Economic Outlook – 19 February 2023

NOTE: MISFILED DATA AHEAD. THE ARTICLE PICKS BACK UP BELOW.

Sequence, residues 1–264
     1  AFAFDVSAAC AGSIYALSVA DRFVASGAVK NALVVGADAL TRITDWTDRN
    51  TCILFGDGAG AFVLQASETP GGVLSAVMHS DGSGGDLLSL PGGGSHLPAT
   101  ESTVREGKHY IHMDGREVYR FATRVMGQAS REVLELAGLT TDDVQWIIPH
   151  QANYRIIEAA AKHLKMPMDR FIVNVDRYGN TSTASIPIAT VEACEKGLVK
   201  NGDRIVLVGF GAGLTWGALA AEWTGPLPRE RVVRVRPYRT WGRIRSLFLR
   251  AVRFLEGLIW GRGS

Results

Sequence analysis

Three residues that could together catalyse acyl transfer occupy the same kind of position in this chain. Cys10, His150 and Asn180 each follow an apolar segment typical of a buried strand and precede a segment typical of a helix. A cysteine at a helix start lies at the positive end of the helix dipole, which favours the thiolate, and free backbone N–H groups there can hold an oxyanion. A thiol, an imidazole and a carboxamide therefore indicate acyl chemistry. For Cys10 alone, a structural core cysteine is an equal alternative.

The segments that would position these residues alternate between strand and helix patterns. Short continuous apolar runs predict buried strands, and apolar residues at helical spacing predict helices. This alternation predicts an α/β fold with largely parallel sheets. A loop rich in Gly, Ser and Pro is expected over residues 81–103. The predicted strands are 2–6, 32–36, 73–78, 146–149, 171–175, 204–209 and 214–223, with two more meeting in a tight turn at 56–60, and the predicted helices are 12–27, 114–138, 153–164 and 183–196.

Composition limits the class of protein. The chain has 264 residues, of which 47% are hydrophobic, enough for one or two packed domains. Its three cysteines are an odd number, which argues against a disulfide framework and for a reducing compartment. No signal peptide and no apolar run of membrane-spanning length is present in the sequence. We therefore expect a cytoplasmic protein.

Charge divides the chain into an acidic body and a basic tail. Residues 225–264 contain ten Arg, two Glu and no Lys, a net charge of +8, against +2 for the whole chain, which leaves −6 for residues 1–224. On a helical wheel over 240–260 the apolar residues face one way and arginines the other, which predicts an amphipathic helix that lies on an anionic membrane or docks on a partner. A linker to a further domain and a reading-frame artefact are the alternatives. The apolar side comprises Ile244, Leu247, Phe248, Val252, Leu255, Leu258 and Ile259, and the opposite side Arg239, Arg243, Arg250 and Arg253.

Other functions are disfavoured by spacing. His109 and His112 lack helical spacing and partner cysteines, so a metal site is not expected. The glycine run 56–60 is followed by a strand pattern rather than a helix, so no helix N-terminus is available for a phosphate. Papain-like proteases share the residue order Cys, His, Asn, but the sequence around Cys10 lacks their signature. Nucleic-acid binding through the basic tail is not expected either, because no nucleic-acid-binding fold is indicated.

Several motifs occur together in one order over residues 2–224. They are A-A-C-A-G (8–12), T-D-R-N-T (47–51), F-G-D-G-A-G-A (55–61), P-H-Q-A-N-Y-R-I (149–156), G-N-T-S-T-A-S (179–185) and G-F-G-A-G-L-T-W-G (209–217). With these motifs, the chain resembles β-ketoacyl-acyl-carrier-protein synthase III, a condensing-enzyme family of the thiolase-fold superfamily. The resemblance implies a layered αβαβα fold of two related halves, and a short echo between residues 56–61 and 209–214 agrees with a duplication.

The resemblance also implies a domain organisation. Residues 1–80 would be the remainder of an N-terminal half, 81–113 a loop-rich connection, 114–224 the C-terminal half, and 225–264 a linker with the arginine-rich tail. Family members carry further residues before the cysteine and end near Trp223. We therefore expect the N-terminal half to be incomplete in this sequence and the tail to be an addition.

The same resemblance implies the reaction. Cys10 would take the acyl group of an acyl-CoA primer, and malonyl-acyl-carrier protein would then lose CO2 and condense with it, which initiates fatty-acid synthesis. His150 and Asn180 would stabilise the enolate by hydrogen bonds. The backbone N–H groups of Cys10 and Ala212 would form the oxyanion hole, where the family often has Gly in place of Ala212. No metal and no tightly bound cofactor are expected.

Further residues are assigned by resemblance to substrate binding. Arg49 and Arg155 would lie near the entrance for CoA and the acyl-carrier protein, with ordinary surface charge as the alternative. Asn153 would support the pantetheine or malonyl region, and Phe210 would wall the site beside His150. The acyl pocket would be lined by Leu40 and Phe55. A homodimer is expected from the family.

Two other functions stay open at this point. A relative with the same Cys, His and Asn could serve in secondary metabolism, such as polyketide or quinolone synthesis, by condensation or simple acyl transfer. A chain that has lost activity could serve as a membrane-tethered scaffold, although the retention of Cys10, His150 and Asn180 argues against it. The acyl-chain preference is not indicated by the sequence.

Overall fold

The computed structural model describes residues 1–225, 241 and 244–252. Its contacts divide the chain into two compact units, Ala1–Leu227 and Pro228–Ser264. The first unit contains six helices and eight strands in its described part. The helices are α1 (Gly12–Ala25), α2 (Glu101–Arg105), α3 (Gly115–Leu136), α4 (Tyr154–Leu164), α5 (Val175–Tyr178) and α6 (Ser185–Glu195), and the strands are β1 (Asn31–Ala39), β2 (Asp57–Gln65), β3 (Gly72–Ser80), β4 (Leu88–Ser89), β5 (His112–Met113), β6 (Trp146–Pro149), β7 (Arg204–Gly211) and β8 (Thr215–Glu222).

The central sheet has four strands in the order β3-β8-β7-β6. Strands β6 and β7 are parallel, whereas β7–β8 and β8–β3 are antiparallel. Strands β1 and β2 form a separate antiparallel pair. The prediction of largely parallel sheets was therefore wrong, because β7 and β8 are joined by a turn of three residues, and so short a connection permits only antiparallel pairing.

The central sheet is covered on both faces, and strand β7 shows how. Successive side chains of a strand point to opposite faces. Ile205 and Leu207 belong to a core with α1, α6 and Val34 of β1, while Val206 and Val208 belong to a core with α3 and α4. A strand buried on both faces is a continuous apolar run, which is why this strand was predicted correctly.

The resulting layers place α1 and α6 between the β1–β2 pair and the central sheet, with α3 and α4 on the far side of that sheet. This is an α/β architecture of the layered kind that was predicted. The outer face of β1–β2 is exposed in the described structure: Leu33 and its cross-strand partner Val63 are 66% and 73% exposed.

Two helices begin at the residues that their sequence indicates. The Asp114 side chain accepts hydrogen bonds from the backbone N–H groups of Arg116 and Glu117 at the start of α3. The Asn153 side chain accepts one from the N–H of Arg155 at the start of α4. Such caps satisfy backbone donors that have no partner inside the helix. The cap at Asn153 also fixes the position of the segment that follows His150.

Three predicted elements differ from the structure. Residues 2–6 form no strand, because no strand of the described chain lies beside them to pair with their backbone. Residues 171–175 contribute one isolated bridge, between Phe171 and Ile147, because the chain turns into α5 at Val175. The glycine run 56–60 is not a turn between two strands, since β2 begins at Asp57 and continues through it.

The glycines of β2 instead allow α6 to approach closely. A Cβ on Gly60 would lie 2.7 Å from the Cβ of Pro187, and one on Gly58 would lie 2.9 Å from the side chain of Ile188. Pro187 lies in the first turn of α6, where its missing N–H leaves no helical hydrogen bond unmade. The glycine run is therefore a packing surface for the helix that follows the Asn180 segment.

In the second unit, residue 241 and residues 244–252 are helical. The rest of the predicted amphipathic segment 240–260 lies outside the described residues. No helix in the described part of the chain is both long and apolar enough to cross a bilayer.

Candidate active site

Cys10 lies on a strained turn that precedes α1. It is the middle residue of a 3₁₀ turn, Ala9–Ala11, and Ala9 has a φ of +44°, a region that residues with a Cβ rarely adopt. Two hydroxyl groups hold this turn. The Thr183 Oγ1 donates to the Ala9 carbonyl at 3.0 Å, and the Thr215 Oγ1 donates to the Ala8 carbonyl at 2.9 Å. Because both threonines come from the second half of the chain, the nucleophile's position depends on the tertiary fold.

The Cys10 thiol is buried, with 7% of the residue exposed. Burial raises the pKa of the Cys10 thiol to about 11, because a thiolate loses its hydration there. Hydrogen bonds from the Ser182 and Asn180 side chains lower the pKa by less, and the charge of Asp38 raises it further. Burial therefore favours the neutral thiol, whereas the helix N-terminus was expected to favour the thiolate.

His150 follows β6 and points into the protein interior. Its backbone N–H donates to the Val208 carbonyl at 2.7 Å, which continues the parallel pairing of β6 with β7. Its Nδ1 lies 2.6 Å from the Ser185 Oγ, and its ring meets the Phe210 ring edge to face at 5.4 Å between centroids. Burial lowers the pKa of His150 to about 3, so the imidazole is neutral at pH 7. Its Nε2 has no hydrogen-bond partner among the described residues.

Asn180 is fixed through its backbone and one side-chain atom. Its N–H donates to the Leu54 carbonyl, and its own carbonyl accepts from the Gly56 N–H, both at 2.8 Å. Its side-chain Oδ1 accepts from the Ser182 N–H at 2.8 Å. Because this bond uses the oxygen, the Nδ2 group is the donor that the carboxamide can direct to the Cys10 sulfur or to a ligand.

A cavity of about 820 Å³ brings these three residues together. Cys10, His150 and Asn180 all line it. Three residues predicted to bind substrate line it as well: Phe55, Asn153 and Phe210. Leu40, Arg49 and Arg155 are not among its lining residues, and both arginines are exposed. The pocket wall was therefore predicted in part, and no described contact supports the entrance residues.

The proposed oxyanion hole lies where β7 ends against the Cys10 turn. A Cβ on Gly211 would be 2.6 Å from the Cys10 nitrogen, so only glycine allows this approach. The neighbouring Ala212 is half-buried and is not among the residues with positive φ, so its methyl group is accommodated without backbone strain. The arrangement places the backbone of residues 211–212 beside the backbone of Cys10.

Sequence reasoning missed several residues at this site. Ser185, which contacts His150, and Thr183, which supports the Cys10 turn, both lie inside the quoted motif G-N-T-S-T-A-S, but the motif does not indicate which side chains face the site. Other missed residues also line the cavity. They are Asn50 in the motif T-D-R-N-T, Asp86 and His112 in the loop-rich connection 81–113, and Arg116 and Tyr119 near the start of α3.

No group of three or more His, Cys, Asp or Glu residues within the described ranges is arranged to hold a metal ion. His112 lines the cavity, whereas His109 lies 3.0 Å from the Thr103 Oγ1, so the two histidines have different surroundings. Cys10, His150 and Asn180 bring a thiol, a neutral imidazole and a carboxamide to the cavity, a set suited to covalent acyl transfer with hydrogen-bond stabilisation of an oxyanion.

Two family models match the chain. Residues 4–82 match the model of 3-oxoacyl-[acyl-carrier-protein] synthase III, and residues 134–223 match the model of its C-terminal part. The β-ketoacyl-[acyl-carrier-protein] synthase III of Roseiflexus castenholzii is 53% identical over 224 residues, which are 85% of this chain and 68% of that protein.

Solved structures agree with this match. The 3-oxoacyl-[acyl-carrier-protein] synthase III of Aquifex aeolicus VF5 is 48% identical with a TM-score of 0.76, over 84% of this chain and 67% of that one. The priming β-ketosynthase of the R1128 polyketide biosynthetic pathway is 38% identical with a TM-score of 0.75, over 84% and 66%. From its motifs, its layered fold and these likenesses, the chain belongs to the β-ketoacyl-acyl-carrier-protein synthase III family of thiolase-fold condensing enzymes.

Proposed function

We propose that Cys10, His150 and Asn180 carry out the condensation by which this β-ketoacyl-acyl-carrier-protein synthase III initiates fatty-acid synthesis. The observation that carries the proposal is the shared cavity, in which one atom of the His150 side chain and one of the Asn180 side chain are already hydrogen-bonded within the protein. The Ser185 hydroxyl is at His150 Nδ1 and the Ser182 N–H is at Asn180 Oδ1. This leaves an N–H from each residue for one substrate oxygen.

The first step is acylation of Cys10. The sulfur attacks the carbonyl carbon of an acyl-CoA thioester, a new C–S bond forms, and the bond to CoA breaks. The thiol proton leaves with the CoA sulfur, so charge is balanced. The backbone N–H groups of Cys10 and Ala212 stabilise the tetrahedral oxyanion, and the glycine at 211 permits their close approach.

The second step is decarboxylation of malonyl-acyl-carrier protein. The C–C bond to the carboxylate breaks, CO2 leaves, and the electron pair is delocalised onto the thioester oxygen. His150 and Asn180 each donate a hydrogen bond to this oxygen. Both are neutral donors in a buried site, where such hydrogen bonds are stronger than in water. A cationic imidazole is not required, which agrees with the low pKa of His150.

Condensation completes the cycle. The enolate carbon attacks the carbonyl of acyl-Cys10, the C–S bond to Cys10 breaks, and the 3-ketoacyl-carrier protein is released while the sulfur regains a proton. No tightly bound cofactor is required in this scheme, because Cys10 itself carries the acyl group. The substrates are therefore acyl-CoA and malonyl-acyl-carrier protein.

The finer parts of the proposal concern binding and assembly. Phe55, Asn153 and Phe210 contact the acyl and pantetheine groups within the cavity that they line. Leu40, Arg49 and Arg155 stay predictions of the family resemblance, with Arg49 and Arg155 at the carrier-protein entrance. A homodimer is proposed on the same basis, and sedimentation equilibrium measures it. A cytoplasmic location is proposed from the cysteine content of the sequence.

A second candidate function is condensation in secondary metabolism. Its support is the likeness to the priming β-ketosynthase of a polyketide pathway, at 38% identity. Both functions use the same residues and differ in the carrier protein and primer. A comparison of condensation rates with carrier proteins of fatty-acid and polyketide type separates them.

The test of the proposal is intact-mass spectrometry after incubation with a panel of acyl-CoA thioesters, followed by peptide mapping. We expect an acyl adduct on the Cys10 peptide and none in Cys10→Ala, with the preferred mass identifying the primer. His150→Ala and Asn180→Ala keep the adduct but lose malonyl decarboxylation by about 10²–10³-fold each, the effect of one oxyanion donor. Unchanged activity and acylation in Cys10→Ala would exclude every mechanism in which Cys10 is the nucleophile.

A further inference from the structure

The Consumer Price Index sprang 0.5% in January, the most in seven months. This was roughly in line with consensus expectations. Prices in the energy segment jumped 2.0% as a decline for fuel oil (-1.2%) was more than offset by steep increases for gasoline (+2.4%) and utility gas services (+6.7%). The cost of food, meanwhile, rose 0.5%. The core CPI, which excludes food and energy, increased a consensus-matching 0.4% Prices for ex-energy services advanced 0.5% in the month as another massive gain for shelter (+0.7%) was compensated for in part by a 2.1% decline in airline fares. Motor vehicles maintenance (+1.3%) and insurance (+1.4%) continued to advance at a brisk clip, while the cost of medical care services fell 0.7%. The cost of core goods, meanwhile, edged up 0.1% MoM, hampered by a seventh consecutive decline in the used vehicles segment (-1.9%). Alternatively, notable increases were recorded for medical care commodities (+1.1%), apparel (+0.8%), tobacco/smoking products (+0.7%), and alcoholic beverages (+0.4%) Retail sales jumped 3.0%, a much bigger increase than expected by economists (+2.0%) and the fastest monthly pace in nearly two years. The prior month’s result stood unrevised at -1.1%. A big chunk of the monthly gain was due to auto sales, which recorded their steepest monthly gain (+5.9%) since March 2010, excluding the pandemic period. It should be noted, though, that this progression was not entirely due to renewed optimism among American consumers. Improved supply conditions played a role as well, which allowed customers finally to take possession of vehicles ordered months earlier. With auto sales still below pre-pandemic levels, continued easing of supply chain constraints could translate into further gains for auto dealers in coming months. However, auto sales were only part of the story in January The Producer Price Index for final demand jumped 0.7% in January after drawing back 0.2% in December. The bounce was bigger than the 0.4% increase called for by consensus. Goods prices rose 1.2% on a strong rebound in energy (+5.0%), while food prices continued to slip (-1.0%). Prices in the services category, meanwhile, swelled 0.4%. The core PPI, which excludes food and energy, increased 0.5%, which was also more than expected by analysts. YoY, the headline PPI slid from 6.5% to 6.0%, its lowest level since March 2021. Excluding food and energy, it fell from 5.8% to a 20-month low of 5.3% The NFIB Small Business Optimism Index pegged in at 90.5, up 0.5 point from December but still way below the index’s long-term average. Consensus expectations were for the index to notch in at 91.0. Six of the ten components of the index posted increases. Notably, the share of firms expecting the economy to improve increased 6 points to a net -45%. The net earnings trend posted a healthy gain of 4 points to a net -26%. Meanwhile, current job openings swelled another 4 points to 45% and firms planning to increase employment swelled from 17% to 19%. As a result, the gap between the percentage of companies with at least one position they were unable to fill and the net percentage of firms planning to increase employment remained wide The Empire State Manufacturing Index of general business conditions surged 27.1 points in February but continued to signal a deteriorating situation at -5.8. The improvement was significantly better than the -18.0 print expected by consensus. The negative print stems from the fact that new orders continued to slow down, albeit at a more moderate pace than in the prior month (from -31.1 to -7.8). This kept the unfilled orders gauge in decline (from -14.3 to -9.2), which in turn led to a decrease in delivery times (from +0.9 to -9.2). This was the sharpest negative reading for this indicator since October 2016. This slowdown led to a faster accumulation of inventories (from +4.5 to +6.4). As a result of the moderation in business activity, the number of employees tracker slid from 2.8 to -6.6 and the average employee workweek went from -10.4 to -12.1 Industrial production was unchanged in January, whereas consensus expectations were for a 0.5% increase. What’s more, the prior month’s result was revised downward from -0.7% to -1.0%. After retreating 1.8% in December and 0.8% in November, manufacturing output rebounded 1.0% in the first month of 2023, overshooting the 0.8% increase expected by consensus. The increase was fueled by both durable goods (+0.8%) and nondurable goods (+1.1%). Regarding durables, five of the major industries posted increases of at least 1%, with nonmetallic mineral products (+2.4%), machinery (+1.7%), and electrical equipment (+1.3%) performing particularly well. Auto output climbed 1.1%. Regarding non-durables, the increase was led by apparel and leather (+3.7%), textile and product mills (+2.2%), and food/beverage products (+1.7%). Utilities output retreated 9.9% after surging in December owing to colder-than-usual temperatures. Finally, production in the mining sector swelled 2.0% Homebuilder sentiment as per the National Association of Home Builders Market Index rose 7 points in February to 42, a level that remains well below pre-pandemic levels. NAHB data also signaled a slight improvement in prospective buyer traffic, with the corresponding gauge shooting up from 23 to 29. Housing starts retreated from 1,371K in December (initially estimated at 1,382K) to 1,309K in January, below the median economist forecast of 1,350K units. Both the single-family (-38K to 841K) and the multi-family segments (-24K to 468K) contributed to the decline The economic data this week bucked those trends and pushed market-based rate expectations closer in line to the view that the Federal Reserve would hike its main borrowing rate higher still and hold it there through year-end. Retail sales and manufacturing production both surprised to the upside in January, and inflation posted its biggest monthly increase since October. Residential construction did slow for a fifth straight month, but even in this sector hit hard by rising rates, there was a modest uptick in permits pulled for future construction US President Joe Biden announced the appointment of Fed Vice Chair Lael Brainard as the director of the National Economic Council. Recently appointed Federal Reserve Bank of Chicago President Austan Goolsbee has been mentioned as a likely replacement for Brainard. Goolsbee previously served as chair of the White House Council of Economic Advisers under President Barack Obama The US Congressional Budget Office says that if Congress does not extend the nation’s debt limit, the US could default some time between July and September. The CBO forecasts a fiscal year 2023 budget deficit of $1.4 trillion and expects the government to amass an additional $19 trillion in debt in the coming 10 years if there is no shift in spending patterns The major indexes ended mixed as investors weighed some healthy growth and profit signals against worries that inflation trends might be taking an unfavorable turn. Fears that the Federal Reserve would need to raise short-term interest rates more than previously expected caused U.S. Treasury yields to increase and fostered a rise in the U.S. dollar, taking an especially large toll on oil prices and energy stocks In terms of data release, existing and new home sales will be out on Tuesday and Friday respectively. The run-up in mortgage rates in 2022 eroded affordability and significantly depressed demand for housing. Nearly every housing market indicator weakened over the year as a result. To close out 2022, new home sales registered a 26.6% year-over-year decline and existing home sales similarly posted a 34% annual drop. The downward trajectory of mortgage rates in the last few months of the year has sparked hope for a turnaround. New home sales registered three consecutive monthly increases in October, November and December. Existing home sales also declined at a less-than-expected rate in December, falling only 1.5% compared to November’s 7.9% drop. Pending home sales, reflecting signed real estate contracts, also rose 2.5% in December, the first monthly improvements since May Personal income and spending prints are out on Friday. Despite the Fed’s historically rapid tightening cycle, a tight jobs market combined with inflation that is now easing is providing a tailwind for consumers. This combination supported real income gains during the last six months of 2022, providing a more sustainable source of purchasing power beyond pandemic savings to sustain spending. Continuing that trend, the blowout net employment gain in January and spike in hours worked—afforded by relatively fewer seasonal separations and unseasonably warm weather—likely provided a solid boost to personal income over the month. Cost-of-living adjustments to social security also take place in January and have put more money in the pockets of consumers